1.1.4 The use of the composition in preventing, treating or reducing systemic inflammation is also mentioned in the application as filed in the form of a general disclosure, namely, in paragraphs  to  (e.g. paragraph : "In some embodiments of the present invention, the subject is in need of the treatment, reduction, or prevention of systemic inflammation"). It is moreover explicitly envisaged for infants (see paragraph : "In certain embodiments, the inactivated probiotic may be administered to an infant or child to prevent, treat or reduce systemic inflammation"). Finally, the dosage range recited in claim 1 as filed is disclosed in the description as the "amount sufficient to reduce or prevent systemic inflammation in a subject" (see paragraph  of the application as filed).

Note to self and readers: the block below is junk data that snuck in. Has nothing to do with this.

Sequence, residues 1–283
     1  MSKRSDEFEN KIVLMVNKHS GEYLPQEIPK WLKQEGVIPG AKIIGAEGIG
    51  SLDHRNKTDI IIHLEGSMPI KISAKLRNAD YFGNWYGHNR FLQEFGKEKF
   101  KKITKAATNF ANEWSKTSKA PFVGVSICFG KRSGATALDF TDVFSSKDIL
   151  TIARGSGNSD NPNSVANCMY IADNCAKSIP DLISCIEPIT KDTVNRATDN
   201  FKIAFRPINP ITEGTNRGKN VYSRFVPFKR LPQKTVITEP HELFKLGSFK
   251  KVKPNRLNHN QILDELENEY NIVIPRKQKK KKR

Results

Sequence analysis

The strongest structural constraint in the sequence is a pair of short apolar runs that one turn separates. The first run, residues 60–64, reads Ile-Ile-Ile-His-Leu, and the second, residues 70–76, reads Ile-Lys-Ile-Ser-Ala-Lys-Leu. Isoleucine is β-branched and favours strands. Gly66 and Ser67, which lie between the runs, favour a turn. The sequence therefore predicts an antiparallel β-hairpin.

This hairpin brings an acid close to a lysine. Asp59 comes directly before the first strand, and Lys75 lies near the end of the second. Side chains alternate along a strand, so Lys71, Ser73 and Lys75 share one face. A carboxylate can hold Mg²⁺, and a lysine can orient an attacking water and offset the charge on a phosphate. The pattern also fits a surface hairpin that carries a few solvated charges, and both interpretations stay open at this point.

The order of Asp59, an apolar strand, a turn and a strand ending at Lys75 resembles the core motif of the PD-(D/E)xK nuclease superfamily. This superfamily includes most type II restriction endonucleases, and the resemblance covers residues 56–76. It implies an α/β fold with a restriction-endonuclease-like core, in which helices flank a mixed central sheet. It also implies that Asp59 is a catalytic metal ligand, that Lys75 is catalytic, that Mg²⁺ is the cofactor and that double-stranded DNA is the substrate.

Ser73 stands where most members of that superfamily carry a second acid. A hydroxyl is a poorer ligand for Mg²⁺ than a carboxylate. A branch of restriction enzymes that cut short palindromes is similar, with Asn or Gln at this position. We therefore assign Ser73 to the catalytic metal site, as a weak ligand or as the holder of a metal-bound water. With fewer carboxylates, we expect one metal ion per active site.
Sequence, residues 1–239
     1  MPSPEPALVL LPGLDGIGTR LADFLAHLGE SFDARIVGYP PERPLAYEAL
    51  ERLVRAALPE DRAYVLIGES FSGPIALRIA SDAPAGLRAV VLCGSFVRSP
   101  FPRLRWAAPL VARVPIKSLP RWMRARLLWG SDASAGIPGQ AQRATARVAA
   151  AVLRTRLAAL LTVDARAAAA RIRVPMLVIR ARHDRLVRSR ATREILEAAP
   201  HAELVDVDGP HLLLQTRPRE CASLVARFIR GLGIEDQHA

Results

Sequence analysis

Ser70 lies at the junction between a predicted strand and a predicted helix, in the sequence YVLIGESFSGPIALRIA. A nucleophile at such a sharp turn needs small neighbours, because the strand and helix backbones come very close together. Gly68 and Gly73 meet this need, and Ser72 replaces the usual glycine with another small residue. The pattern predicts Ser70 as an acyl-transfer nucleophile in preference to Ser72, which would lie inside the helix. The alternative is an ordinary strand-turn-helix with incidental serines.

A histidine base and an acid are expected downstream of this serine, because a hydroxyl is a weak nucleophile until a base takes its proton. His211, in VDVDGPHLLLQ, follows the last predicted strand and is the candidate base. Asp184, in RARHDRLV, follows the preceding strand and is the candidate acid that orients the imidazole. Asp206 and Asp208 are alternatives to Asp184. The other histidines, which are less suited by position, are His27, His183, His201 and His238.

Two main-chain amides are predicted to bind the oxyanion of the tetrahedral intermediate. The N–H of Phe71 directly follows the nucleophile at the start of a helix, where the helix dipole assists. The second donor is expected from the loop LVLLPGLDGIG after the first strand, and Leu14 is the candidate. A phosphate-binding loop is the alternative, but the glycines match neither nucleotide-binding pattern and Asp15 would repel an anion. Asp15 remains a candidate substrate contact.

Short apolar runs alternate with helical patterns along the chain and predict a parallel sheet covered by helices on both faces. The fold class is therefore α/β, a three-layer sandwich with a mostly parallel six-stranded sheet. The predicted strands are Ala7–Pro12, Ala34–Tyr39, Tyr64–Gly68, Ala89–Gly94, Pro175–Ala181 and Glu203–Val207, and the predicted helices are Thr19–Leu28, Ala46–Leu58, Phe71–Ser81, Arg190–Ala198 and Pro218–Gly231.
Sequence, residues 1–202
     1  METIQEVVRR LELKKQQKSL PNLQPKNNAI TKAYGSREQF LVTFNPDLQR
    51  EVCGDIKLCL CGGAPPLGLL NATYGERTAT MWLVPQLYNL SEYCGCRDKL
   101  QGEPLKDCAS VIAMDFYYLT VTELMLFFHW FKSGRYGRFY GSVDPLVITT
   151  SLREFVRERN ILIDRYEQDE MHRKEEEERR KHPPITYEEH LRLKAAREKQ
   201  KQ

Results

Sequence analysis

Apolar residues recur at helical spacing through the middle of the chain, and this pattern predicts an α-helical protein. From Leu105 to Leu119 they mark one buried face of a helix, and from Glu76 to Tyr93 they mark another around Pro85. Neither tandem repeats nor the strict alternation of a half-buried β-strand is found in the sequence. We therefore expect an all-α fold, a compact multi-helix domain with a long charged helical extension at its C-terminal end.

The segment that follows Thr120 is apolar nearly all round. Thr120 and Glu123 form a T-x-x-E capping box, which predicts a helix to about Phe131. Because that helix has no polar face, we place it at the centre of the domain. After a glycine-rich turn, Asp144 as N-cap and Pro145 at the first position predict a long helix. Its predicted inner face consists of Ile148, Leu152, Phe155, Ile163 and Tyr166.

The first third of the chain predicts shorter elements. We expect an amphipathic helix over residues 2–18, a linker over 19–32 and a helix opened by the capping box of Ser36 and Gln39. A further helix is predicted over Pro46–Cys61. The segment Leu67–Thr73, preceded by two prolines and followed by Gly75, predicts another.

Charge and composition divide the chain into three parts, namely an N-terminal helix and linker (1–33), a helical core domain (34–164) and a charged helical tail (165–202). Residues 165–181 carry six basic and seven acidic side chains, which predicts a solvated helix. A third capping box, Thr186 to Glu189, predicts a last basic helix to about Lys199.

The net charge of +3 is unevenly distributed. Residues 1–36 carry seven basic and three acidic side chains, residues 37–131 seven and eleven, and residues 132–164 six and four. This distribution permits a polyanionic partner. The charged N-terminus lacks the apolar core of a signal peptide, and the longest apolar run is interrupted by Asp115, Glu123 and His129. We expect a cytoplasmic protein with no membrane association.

1.1.5 The embodiment using inactivated Lactobacillus rhamnosus GG (LGG) as the inactivated probiotic is directly disclosed in the application as filed (see paragraph : "As set forth above, in a particular embodiment of the invention the inactivated probiotic may be LGG"). It is, moreover, the only embodiment illustrated in the examples.
1.1.6 Thus, the administration of inactivated LGG to infants for the therapeutic indication "systemic inflammation" was envisaged and is supported by general disclosures in the application as filed.
1.1.7 Only one selection is therefore required to arrive at the subject-matter of claims 1 and 12 of the present main request, namely, the selection of heat treatment among other inactivation methods proposed according to paragraph  of the application as filed ("In the present invention, at least one probiotic that has been inactivated is utilized. Inactivation may occur through any method currently known in the art or yet to be developed. The inactivation may be accomplished, for example, via heat treatment, lyophilization, ultraviolet light, gamma radiation, pressure, chemical disruption, or mechanical disruption.").